Once Again, Convenience Trumps Free, As Few People Pirate Arrested Development

from the over-and-over-and-over-again dept

We've pointed out over and over and over again for years that for many people (certainly not all, but enough to make a huge difference) convenience trumps free when it comes to getting content. The latest example of this in action is the fact that way fewer people downloaded the new Arrested Development from unauthorized sources than other similarly hyped TV shows. As you probably know, the new Arrested Development was released via Netflix, rather than TV, and all episodes were immediately available. Unlike other TV shows that are tied to cable and hardly available online at all, Arrested Development was easy to watch online for those who had a Netflix account (which also doesn't require additional fees to watch the show if you already have a subscription).

So: it was available online, easy to watch, no marginal cost (if you had the subscription) and available on multiple platforms without limitation (i.e. no "you must watch within 24 hours").

The bizarre thing is that so many of the efforts by the entertainment industry seem to be designed to make things less convenient. They don't make it available online. They require you to have a cable account. They have added costs per episode or show. There are requirements about how long you have to watch it. And then they wonder why there's so much infringement?

If you offer a good product, that focuses on access and convenience, people are clearly willing to pay. This has been the lesson for well over a decade. It's amazing that it still needs to be repeated.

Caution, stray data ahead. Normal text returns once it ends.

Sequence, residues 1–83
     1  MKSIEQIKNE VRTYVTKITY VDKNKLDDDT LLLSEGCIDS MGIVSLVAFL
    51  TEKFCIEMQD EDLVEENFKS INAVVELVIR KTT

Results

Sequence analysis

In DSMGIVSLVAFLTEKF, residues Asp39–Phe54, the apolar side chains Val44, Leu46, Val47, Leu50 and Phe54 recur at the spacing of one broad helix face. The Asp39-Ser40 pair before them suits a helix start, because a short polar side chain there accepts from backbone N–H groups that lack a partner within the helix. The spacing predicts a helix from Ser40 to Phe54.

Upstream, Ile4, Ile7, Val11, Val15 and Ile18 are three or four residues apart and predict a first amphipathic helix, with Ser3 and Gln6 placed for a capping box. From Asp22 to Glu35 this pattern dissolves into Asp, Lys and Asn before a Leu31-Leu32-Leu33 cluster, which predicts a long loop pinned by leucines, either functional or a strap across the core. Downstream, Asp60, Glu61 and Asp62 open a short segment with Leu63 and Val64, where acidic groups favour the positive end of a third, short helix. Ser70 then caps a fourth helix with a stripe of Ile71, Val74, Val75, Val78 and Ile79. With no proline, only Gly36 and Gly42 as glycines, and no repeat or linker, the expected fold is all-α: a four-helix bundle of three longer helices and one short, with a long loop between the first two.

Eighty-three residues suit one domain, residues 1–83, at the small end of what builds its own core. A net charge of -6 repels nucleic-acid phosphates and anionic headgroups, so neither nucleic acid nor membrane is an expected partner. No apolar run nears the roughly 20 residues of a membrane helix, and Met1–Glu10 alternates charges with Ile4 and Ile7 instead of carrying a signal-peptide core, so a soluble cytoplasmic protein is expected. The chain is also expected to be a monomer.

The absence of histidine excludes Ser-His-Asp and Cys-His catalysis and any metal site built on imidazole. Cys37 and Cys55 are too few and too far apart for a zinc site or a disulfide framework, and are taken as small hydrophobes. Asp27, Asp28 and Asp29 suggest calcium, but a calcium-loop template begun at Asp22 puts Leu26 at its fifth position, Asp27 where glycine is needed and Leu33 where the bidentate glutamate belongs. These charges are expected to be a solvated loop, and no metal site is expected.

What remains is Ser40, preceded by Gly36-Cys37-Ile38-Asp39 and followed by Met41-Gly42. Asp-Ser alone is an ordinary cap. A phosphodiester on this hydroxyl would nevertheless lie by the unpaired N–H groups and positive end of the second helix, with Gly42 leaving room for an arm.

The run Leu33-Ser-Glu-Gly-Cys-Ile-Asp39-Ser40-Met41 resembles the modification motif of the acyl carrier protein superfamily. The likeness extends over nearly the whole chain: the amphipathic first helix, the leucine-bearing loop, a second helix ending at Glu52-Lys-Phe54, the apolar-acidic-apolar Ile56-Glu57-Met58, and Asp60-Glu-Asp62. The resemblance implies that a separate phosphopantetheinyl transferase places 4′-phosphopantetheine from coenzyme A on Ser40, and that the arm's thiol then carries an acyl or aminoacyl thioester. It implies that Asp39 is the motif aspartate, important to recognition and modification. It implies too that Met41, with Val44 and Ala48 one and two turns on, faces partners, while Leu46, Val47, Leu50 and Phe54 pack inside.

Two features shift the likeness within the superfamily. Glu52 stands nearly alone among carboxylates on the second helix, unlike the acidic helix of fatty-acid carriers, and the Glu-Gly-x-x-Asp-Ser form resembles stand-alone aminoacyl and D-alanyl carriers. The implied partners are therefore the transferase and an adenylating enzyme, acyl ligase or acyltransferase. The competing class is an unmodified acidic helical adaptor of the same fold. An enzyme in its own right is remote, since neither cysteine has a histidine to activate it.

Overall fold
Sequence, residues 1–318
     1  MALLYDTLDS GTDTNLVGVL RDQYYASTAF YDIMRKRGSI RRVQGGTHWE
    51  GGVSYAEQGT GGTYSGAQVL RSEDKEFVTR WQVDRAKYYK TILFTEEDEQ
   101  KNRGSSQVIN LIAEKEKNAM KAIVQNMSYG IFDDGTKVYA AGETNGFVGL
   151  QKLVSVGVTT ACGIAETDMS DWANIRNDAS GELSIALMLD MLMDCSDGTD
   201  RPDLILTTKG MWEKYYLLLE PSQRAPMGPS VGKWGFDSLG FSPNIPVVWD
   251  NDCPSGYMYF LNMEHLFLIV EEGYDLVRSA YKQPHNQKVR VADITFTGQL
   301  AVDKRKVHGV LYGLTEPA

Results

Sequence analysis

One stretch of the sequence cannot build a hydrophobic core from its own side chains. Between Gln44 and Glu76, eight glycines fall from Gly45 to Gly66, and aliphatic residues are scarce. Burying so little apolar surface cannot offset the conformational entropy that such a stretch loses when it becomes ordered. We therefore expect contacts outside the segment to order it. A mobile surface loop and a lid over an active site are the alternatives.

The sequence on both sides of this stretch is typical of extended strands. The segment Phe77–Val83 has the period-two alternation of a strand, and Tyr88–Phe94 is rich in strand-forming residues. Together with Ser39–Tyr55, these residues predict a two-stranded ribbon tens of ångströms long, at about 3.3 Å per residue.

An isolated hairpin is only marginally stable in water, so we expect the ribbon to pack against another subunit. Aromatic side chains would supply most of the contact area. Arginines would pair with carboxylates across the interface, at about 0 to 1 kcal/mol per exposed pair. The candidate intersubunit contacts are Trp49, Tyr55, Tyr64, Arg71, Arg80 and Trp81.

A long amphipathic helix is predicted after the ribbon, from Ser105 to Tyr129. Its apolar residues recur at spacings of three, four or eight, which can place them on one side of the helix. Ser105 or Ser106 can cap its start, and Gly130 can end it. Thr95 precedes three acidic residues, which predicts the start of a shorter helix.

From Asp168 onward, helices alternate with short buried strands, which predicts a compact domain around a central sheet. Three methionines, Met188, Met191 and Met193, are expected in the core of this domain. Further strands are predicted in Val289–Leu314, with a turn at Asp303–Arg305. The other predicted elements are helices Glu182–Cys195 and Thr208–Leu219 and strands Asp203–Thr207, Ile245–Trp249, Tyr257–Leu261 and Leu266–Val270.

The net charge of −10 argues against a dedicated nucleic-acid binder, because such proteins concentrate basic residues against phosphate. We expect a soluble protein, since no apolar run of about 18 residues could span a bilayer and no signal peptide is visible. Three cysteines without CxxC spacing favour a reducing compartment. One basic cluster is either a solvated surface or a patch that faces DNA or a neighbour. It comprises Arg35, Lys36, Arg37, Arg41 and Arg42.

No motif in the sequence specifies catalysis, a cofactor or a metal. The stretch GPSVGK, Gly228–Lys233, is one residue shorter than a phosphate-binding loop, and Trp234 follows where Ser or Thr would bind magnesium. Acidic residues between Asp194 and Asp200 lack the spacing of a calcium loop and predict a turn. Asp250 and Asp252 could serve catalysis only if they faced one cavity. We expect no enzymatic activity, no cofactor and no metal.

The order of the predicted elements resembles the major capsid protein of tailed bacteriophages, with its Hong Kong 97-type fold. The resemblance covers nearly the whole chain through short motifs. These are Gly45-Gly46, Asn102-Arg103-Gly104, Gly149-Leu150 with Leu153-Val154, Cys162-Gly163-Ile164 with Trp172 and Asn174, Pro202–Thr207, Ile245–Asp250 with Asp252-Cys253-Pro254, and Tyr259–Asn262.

Filed Under: access, arrested development, convenience, copyright, infringement
Companies: netflix


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  1. icon
    PaulT (profile), 4 Jun 2013 @ 1:45am

    Re: Re: Re: Re:

    But, as ever, the numbers don't tell the whole story. They don't, for example show the following: downloads from countries where Netflix is not available, downloads from people who are already Netflix subscribers (some may wish to have an offline copy for travel or other use - not currently a legal option), downloads from people who tried accessing Netflix but suffered technical problems, etc. There are many groups of people who either cannot pay legally, or who already are.

    While the numbers can be seen as disappointing, any conclusion you draw from them is necessarily incomplete. The question is going to be whether Netflix are happy with the actual viewing figures, and that's the key. Obsessing over pirated downloads makes no sense, especially when some of those downloads are going to be in the groups above, some of whom are already paying customers.

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